The Thoughtful Leader

An Inspiring Community Leader

I first met Philip Korman in November 2008 when we were both standing outside a polling place waving signs on Election Day. It was cold that morning, but we stayed warm waving signs for the same candidate, and soon fell into conversation. I learned that Phil was the new executive director of a small community non-profit called CISA — an acronym for Community Involved in Sustaining Agriculture ( – and as we talked, I learned much more about CISA than I had ever known, sensing Phil’s enthusiasm for this project whose mission is to “strengthen local agriculture by building connections between farmers and the community.”

After the election, I read frequently about Phil and CISA in our local newspaper, and I could see how CISA was growing and thriving under his leadership. There was clearly a synergy between our community’s “locavore” culture and CISA’s mission, but Phil was pulling it together in a way that got farmers, markets, consumers, teachers, community leaders, families, and philanthropists connected to each other and working together to turn their shared values and beliefs around healthy food into a reality.

How did Phil do this? What could others learn from his leadership skills that could be relevant in their own communities? I decided to talk with Phil about how he had become such an effective leader. Those of you who have read “Leading a Business in Anxious Times” will know that I believe natural leadership starts at home, so the first question I asked Phil was what leadership was like in his family when he was growing up. He told me that the whole family had a strong commitment to helping people, to family, and to being a responsible member of the community. Phil was the youngest of four siblings (with two much older sibs and a brother very close to his age). Frank Sulloway’s book, “Born to Rebel” (1997), teaches us that youngests (or “later borns” in a family) are often much freer than the older children to be creative and go in new career directions. This was definitely true for Phil. Only one of his four grandparents had been born in this country, and during the Depression, Phil’s father went to work in the garment industry, eventually rising to become Vice-President. Phil’s older siblings were lawyers and he might have been one too if he hadn’t been the youngest. His mother, however, was an activist who took people on and followed her own beliefs, and Phil clearly picked up a lot of her values and functioning style as he was growing up.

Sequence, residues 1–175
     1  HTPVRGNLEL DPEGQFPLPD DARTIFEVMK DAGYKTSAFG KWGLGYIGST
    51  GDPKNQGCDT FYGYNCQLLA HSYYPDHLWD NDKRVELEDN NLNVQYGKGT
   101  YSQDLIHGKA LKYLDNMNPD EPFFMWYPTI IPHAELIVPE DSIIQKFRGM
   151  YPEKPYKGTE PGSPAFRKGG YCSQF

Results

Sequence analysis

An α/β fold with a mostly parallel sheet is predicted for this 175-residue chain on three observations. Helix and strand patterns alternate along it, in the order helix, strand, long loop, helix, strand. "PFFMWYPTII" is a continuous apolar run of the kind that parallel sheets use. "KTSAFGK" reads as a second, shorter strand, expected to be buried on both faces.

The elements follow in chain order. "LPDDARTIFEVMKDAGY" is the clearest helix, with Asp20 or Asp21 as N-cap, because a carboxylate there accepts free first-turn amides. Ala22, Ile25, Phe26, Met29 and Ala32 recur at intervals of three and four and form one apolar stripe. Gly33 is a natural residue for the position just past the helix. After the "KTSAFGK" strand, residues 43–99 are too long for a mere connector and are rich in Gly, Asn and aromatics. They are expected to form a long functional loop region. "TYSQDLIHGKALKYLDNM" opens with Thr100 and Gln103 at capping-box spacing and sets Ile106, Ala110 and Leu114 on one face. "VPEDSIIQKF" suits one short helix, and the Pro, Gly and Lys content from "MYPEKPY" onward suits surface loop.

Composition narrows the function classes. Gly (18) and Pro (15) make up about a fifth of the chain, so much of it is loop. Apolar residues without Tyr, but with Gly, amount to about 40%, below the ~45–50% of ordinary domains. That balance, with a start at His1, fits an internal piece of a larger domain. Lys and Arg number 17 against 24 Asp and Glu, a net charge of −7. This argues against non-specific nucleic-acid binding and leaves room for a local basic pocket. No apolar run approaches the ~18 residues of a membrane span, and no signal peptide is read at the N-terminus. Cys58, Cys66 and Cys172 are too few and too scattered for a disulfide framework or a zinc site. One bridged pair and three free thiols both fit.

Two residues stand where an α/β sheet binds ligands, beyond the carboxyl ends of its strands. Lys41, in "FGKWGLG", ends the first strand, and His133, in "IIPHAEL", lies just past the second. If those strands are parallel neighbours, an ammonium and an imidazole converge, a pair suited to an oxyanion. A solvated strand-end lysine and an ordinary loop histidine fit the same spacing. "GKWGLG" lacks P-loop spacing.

Phil chose not to become a lawyer, but has worked for non-profits, small businesses and in the public sector throughout his career. He has often had to raise the monies for his own salary in order to work for causes he believes in. He told me that any work he does must have meaning for him. When he came to CISA in 2008 the recession had just hit, and keeping the organization going financially was a struggle for a while. There were nine excellent employees, and he learned a lot from them since he wasn’t an expert in the field of agriculture when he started nor did he have the lived history of CISA which had existed for fifteen years at that point.

Phil’s leadership at CISA is grounded in respect and considerable autonomy for the people who work for him. He tries hard to figure out how to “enable their excellence,” meeting with them regularly, listening to their thinking, supporting their projects, and avoiding emotional triangles. Phil has spent much of his own time and energy building a local governing board (now consisting of 18 members, one third of whom are farmers), cultivating a donor base so that CISA has become solid financially, and developing CISA into a mature membership organization (it now has more than 340 farms and farm related business members in addition to 650 community members and hundreds of additional supporters). He does a lot of public speaking and writing, and has made CISA a real presence in the community.